Statue of a Muse

Inv. Scu 653

This sculpture represents a standing Muse, clad in a chiton with short sleeves and a cloak that passes over her left shoulder and under her right arm; she wears sandals on her feet, while three feathers adorn her head.

The work resembles another statue in the Vatican Museums that has been restored as Urania and that might be a copy after an original, perhaps representing a Kore, by the sculptor Praxiteles. The drapery in particular is modelled in a stylistic manner close to that of the school of Praxiteles, even though the features of the head allow us to state that it depicts a Muse.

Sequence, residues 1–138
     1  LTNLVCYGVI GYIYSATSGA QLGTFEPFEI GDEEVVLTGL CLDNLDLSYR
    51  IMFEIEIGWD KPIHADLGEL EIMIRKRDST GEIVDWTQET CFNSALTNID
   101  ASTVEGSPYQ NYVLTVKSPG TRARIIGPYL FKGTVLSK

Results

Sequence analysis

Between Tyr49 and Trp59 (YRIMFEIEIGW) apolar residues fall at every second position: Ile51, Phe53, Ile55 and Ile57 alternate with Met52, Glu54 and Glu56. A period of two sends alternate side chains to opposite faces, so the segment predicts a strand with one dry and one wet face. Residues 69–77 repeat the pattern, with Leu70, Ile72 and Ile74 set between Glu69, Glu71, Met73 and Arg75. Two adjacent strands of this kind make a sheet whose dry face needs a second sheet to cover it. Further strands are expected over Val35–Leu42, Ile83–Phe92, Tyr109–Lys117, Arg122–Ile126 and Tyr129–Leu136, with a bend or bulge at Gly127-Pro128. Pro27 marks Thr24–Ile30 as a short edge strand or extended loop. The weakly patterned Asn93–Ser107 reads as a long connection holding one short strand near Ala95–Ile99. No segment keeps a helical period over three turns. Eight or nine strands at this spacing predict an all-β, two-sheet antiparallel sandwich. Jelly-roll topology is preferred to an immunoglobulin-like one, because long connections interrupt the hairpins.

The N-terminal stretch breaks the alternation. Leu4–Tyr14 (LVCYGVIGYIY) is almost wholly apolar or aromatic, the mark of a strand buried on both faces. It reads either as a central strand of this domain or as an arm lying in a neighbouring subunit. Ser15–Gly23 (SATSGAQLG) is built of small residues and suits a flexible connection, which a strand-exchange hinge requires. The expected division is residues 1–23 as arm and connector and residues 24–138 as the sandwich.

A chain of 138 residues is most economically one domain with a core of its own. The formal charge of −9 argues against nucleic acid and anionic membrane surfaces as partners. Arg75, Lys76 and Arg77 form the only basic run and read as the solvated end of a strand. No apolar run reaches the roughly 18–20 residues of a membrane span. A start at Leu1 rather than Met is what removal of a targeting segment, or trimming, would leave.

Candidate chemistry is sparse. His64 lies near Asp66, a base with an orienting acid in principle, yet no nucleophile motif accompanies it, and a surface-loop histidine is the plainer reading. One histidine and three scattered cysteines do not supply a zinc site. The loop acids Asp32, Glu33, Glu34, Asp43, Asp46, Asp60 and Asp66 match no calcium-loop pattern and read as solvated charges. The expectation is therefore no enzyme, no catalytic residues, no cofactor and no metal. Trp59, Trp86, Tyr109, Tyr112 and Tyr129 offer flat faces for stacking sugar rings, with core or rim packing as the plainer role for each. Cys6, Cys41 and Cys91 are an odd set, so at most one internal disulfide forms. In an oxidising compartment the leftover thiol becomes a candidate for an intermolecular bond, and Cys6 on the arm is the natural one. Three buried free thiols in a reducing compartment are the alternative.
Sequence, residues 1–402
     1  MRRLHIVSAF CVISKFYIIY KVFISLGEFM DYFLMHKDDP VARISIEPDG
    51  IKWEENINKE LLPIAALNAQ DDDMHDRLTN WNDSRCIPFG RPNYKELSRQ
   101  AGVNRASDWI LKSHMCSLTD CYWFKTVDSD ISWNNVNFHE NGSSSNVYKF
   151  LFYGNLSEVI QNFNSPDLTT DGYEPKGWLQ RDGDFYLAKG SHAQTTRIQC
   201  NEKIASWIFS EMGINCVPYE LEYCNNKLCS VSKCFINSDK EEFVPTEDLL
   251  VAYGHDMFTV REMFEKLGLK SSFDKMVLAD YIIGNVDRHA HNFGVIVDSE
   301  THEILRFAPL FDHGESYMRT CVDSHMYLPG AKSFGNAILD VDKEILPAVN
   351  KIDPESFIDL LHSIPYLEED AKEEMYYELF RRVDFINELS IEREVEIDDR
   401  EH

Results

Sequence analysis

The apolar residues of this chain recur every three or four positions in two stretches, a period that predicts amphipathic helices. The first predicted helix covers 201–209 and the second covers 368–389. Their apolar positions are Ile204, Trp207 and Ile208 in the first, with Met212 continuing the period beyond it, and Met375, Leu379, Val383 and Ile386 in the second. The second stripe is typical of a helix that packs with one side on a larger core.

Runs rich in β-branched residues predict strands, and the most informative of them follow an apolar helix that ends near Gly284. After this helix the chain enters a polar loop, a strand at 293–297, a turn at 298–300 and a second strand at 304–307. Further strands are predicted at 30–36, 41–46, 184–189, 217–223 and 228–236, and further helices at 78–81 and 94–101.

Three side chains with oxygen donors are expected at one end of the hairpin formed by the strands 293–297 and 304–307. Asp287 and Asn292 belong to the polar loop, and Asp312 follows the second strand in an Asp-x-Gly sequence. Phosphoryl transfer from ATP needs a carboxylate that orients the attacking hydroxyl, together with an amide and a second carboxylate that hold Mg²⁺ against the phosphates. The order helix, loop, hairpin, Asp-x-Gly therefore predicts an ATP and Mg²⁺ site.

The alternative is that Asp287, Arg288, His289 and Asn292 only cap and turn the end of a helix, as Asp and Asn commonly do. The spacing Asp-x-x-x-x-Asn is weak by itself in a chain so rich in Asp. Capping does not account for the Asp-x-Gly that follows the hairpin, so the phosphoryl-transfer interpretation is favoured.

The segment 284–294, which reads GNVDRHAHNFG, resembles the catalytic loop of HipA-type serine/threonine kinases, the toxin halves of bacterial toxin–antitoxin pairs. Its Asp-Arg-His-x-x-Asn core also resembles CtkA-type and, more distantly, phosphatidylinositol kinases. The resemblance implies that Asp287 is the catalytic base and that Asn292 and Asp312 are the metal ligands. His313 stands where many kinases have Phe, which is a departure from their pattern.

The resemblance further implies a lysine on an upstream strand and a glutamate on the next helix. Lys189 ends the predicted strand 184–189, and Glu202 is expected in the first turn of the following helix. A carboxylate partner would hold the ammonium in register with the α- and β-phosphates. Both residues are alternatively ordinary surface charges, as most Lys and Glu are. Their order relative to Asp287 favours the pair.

The statue, dating back to the second century AD, was found in Vigna Lisca, an area opposite to Santa Sabina on the Aventine, where probably it adorned the Baths of Decius.

In the 16th century, Ulisse Aldrovandi reported it in the house of Francesco Lisca in Parione and described it as a statue of Juno Lucina, with three feathers on her head and holding a bouquet of roses in her left hand.

It is not known exactly when it was purchased by the Conservatori, but as early as 1687 it is documented on display under the name of Flora in the Museum’s Hall of the Philosophers.